This policy brief presents four ideas for improving the flexibility of inclusionary housing and expanding the menu of options available to developers – while at the same time promoting mixed-income neighborhoods. View Policy Brief
The majority of inclusionary housing programs offer developers options to comply with requirements other than providing the affordable units on-site. A 2021 study found that the most commonly offered alternative compliance options are paying a fee (49% of the surveyed programs across the nation) and building off-site affordable units (42%). Less commonly offered options are donating land for use for affordable housing (21%), preserving/rehabilitating regulated affordable units (13%), and purchasing/renovating unregulated affordable units (11%). (Wang and Balachandran, 2021).
Whether to offer alternative compliance options is often a controversial decision. People who oppose compliance alternatives often worry that fees or off-site units will provide less value to the community than on-site mixed-income development. This is a risk; in fact, many communities have a history of setting in-lieu fees too low. However, alternative compliance options can also be mutually beneficial when correctly designed.
Some people assume that requiring affordable units to be built “on-site” with market-rate units is the best way to advance racial equity. If a primary policy goal is to ensure that affordable units are built in high-opportunity neighborhoods from which people of color have been historically excluded, on-site development is by far the most straightforward way to achieve that goal.
However, residents of color might deem it a higher priority goal to build and/or preserve affordable housing in historic neighborhoods of color that are on the cusp of being gentrified, to help limit potential displacement. Providing developers with alternative ways to comply can help achieve that goal. In addition, allowing compliance alternatives generally results in affordable units being built by a nonprofit developer, who may be more willing to include family-sized units that may better meet the needs of households of color (as in Petaluma, CA).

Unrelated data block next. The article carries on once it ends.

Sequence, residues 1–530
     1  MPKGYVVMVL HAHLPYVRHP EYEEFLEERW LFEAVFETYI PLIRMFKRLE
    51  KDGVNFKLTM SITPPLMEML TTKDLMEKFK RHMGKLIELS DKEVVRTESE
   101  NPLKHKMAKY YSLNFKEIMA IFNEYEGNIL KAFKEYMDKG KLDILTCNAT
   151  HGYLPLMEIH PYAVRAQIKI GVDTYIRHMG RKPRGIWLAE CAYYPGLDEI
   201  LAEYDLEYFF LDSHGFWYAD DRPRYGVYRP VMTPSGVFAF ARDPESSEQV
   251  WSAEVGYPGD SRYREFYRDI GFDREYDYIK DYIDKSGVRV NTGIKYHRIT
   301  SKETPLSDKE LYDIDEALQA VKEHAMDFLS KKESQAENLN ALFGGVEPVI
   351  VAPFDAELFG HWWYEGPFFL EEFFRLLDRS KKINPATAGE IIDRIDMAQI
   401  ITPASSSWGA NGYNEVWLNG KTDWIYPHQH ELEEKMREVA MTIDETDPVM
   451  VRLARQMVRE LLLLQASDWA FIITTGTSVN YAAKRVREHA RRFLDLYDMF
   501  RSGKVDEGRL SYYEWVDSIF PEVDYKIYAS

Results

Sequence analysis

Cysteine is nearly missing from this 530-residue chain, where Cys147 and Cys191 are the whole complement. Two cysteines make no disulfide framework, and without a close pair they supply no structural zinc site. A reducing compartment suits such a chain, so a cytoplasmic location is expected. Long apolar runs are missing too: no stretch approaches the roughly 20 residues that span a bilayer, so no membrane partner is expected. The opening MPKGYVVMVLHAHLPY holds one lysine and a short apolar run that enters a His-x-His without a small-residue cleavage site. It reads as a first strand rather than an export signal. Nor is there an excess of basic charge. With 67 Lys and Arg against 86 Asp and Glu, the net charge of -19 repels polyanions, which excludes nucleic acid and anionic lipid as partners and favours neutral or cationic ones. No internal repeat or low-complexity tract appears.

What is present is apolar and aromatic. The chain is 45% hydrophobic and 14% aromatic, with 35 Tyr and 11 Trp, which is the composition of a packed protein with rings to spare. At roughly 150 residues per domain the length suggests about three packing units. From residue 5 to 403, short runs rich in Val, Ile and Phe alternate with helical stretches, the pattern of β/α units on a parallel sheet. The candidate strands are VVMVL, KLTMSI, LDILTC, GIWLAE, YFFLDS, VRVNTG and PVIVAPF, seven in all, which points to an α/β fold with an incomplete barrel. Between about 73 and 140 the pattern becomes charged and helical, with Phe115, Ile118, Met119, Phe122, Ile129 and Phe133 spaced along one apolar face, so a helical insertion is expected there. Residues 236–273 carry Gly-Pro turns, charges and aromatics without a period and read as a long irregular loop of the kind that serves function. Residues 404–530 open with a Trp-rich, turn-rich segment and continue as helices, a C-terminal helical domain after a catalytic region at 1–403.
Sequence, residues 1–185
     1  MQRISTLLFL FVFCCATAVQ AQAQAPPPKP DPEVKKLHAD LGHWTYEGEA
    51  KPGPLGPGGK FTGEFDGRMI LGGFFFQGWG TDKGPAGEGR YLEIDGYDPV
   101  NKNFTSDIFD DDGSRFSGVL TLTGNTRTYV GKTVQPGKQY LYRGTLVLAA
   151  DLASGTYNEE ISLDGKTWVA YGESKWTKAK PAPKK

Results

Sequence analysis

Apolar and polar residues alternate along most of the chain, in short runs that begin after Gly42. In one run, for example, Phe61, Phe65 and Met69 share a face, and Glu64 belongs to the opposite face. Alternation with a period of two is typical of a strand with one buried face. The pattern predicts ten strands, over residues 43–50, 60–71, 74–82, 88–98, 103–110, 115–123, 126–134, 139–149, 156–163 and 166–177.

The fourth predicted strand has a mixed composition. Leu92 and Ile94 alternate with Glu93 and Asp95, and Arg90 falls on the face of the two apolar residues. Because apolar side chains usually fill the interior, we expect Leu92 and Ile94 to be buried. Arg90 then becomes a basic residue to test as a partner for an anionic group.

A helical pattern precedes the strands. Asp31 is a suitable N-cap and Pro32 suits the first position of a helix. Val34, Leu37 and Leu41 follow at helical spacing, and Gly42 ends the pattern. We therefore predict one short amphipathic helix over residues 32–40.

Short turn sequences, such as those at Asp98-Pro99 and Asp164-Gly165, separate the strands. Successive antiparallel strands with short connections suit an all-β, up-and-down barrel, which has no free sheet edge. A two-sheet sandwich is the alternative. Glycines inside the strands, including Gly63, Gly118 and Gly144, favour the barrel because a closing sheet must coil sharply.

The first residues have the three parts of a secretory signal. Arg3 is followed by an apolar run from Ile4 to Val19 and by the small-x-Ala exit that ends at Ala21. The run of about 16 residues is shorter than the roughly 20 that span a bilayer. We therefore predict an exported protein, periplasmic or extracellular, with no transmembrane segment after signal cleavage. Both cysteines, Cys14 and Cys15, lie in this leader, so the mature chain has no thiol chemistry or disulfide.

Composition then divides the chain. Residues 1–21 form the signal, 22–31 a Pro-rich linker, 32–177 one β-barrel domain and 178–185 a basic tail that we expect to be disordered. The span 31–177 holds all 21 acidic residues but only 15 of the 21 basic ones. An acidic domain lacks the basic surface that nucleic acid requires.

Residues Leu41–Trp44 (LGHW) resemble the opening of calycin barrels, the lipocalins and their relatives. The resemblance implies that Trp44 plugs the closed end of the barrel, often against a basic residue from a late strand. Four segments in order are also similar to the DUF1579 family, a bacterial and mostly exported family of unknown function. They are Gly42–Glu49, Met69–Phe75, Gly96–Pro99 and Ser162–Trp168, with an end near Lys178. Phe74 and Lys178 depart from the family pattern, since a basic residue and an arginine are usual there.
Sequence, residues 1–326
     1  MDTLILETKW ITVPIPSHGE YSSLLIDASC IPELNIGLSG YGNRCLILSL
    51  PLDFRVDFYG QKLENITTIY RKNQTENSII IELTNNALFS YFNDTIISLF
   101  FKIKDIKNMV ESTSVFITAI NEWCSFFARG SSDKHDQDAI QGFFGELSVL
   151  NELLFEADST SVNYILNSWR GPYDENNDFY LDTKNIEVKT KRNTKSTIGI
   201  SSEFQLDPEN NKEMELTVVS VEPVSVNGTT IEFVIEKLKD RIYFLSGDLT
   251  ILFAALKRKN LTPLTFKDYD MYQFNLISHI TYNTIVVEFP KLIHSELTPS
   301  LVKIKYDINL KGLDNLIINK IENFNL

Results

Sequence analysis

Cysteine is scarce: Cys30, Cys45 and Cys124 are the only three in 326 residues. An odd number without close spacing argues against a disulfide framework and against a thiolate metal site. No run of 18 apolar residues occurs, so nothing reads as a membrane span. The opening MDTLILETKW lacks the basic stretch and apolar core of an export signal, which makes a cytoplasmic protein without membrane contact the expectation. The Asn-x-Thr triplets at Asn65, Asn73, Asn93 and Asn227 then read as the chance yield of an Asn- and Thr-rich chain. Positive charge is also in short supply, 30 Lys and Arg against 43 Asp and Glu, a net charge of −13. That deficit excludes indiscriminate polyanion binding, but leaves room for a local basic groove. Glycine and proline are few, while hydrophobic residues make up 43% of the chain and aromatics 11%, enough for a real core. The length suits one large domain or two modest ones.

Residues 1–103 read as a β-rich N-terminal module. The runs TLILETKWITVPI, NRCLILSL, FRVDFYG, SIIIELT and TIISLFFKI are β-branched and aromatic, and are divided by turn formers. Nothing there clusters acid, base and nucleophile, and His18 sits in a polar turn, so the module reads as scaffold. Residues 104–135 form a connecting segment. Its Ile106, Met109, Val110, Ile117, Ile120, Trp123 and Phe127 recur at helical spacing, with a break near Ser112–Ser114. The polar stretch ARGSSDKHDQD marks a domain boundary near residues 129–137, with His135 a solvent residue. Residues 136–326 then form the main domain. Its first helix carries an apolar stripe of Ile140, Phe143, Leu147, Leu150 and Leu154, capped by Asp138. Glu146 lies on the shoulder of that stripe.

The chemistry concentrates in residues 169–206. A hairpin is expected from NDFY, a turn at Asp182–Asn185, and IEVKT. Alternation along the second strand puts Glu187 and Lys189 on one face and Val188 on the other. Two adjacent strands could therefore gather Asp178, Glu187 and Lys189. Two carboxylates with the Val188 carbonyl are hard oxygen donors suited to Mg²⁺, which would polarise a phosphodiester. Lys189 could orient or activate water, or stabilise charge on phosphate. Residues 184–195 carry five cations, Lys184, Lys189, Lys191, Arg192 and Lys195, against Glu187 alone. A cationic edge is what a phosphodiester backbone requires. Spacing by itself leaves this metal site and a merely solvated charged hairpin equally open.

Washington, District of Columbia
Washington, DC’s Inclusionary Zoning Program intentionally prohibits alternative compliance. The District determined that, while they have many different sources of funding for affordable housing, such as their Housing Production Trust Fund, they had few tools to ensure that affordable units are built in the high-opportunity neighborhoods where most market-rate development is occurring.
Minneapolis’s Inclusionary Housing Policy permits several compliance alternatives, including payment of in-lieu fees. Fees are placed in the city’s Affordable Housing Trust Fund. The Trust Fund guidelines state that the City encourages and financially supports the production and preservation of affordable housing in all areas of the City, including “to improve housing stability for current residents, support and improve existing community assets, revitalize, and help prevent involuntary displacement.”
In summary, there is no one “right” answer to the question of whether to allow alternatives like in-lieu fees and offsite construction – the correct choice will depend upon your community’s needs and your local government’s ability to quantify and enforce rational, meaningful alternatives.
Direct Off-site Development
The market-rate developer builds a 100 percent affordable project on another site, either adjacent to the market-rate project or in an entirely different location. Continue reading
The market-rate developer partners with a nonprofit organization (that has experience building affordable housing) to build a 100 percent affordable project. Continue reading